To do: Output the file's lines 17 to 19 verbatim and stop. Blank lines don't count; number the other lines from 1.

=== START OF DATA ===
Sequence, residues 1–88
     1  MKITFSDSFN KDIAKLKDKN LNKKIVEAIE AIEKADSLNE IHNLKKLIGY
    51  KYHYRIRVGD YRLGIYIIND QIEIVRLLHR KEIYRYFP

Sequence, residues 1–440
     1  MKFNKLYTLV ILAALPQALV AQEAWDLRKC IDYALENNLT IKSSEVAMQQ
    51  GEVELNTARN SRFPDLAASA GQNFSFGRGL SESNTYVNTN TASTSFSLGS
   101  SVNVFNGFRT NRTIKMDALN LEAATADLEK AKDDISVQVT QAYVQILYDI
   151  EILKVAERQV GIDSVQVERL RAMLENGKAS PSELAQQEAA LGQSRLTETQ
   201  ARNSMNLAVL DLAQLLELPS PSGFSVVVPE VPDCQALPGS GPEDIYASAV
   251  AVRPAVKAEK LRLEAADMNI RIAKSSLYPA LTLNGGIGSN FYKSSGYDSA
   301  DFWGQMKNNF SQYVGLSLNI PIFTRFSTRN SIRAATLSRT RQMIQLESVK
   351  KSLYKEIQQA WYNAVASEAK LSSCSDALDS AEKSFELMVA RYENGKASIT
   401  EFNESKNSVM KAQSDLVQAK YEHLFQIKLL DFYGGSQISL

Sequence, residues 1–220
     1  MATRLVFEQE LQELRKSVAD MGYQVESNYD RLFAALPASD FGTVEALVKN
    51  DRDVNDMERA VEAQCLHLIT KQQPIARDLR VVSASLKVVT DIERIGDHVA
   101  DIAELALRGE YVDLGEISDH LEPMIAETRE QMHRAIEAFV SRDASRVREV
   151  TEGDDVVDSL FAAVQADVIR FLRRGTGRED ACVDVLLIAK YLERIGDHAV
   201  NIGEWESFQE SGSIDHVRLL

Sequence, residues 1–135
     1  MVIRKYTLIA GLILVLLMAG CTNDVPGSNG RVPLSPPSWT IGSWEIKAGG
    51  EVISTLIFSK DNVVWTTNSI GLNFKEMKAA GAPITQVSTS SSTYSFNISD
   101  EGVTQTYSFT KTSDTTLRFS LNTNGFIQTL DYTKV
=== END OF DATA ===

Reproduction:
   101  DIAELALRGE YVDLGEISDH LEPMIAETRE QMHRAIEAFV SRDASRVREV
   151  TEGDDVVDSL FAAVQADVIR FLRRGTGRED ACVDVLLIAK YLERIGDHAV
   201  NIGEWESFQE SGSIDHVRLL